Benefits for Parents
Here are some specific mindfulness breathing benefits for parents who may be feeling overwhelmed with kid-related stress and social and work responsibilities. Mindfulness breathing:
Helps you focus on what’s important and prioritize what matters, letting “the small stuff” drift away much more easily
Shows your children what it looks like to deal with stress and anxiety in a healthy way
Teaches your children that we can harness control over our emotions
Improves your concentration, allowing you to be more present, both when you’re spending time with your children and when you need to work or spend time alone
Increases your focus and improves productivity overall
Provides for less emotional reactivity when things don’t go “as planned”
Helps to calm breathing and the mind, resulting in more patience for both yourself and your family
Reduces the overall intensity of parental stress that builds up and compounds over time
Mindful Breathing: Frequently Asked Questions
Breathing mindfully is the act of putting your full attention on your breath. By doing so, you strengthen the mind body connection. This is because breathing is one of the only physical acts that are both automatic and controllable at the same time.
Like blinking your eyes, you breathe all of the time. But also like blinking, you can control your breath — how deeply you breathe and for how long you take each breath.
By putting your attention on this, you focus your mind and connect your concentration with your physical body, which is intensely therapeutic.
Yes, mindful or meditative breathing is a great place to start if you are interested in meditation. All meditations use the breath in some way. Taking several long, deep breaths at the beginning of a meditation session is common practice.
How can I concentrate on my breathing?
Concentrating on your breathing may seem daunting if you’ve never done it before. Really, the practice is just as it sounds: Put as much attention as possible on the simple act of breathing.
For example: Imagine the air as it travels in through your nostrils and down into your lungs. Feel your lungs expanding with air. Then, think about the air traveling up and out of your mouth.
When your mind loses focus, don’t despair. Simply take note of the distraction, and move your focus back to the breath.
How do I practice mindful breathing?
You can practice breathing mindfully anytime, anywhere. If you are struggling as a busy parent, this can be an especially handy aspect of the mindful breath practice. No matter where you are, what time it is, or what you’re dealing with, your breath is always with you and can help calm you.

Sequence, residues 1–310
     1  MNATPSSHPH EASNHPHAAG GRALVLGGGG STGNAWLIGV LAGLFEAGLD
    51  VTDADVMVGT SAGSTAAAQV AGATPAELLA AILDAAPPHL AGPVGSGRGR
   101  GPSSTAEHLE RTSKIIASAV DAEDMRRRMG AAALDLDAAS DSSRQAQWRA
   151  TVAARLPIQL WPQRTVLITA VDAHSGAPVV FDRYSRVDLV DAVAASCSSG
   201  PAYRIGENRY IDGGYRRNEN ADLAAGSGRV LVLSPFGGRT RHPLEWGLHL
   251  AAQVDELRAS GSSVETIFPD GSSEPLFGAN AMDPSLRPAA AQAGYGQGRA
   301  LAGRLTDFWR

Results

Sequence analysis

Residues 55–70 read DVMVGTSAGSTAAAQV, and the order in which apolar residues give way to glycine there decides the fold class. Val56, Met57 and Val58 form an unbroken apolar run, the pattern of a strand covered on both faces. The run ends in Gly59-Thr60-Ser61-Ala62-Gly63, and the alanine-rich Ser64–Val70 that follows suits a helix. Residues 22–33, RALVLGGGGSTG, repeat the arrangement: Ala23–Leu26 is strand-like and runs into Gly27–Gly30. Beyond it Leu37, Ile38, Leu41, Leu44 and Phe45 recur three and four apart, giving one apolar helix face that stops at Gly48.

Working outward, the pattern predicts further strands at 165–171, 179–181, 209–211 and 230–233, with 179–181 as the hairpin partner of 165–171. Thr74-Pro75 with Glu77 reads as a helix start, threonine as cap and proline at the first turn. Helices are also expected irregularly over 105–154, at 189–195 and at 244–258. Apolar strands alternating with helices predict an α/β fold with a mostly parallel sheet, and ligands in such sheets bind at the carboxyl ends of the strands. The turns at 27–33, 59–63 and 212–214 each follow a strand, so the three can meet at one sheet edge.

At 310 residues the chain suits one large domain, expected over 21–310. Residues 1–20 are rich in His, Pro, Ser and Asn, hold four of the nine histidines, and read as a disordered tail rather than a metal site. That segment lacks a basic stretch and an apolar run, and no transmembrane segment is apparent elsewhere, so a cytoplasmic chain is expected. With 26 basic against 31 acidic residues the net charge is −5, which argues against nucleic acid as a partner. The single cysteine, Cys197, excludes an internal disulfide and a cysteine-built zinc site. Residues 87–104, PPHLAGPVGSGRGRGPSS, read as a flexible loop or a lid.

To start mindful or watchful breathing, simply stop what you are doing right now, become still, try to relax your body, and notice your breath.
If it helps to narrow your concentration, take a deep breath in through your nose, and count to four. Hold the breath for another count of four. Now, release the breath slowly out of your mouth to another count of four. Wait four counts more, then repeat the cycle.
This is called box breathing or square breathing, and it is a great first-time mindful breath practice.
With Anahana’s digital calm breathing course offerings, we can help you learn how to master meditative breathing from the comfort of your own home.
What does it mean to be mindful?
Being mindful is a state of mind. In this state of mind, your full attention is on the present moment. In other words, you are not lost in thoughts or regrets of the past. You are also not lost in worries or concerns about the future.
How long do I do mindful breathing?
This is all up to you and the time you are willing to spend on this breathing. You could spend as little as a few minutes in between calls at work or during a break. Take five to seven minutes when you come home. Find a comfortable position and start performing this exercise. Start practice today!
What is the end objective with mindful breathing?
To perform mindful breathing meditation is a simple yet basic method to help you cultivate mindfulness. Focus on your own breathing, deep breathing, and allow for that bodily sensations as a natural flow throughout your body. This simple practice will improve your overall well being, mental health, reduce blood pressure. It is ok if your mind wanders during the practice, especially if you have had a busy day. This will allow you to disconnect and achieve a relaxed state quicker. If you are looking for an important skill to help you achieve a less stressful life, filled with less anxiety and overall improved well being, then mindful breathing is one of the breathing techniques you should look at. Make it part of your daily life.
Instead, your mind is focused on the here and now. You think about what you are doing, how you are postured, how you are breathing, and how you feel physically overall. You notice the sounds you hear, the sensations you feel, the smells around you, and what you see. This is mindfulness.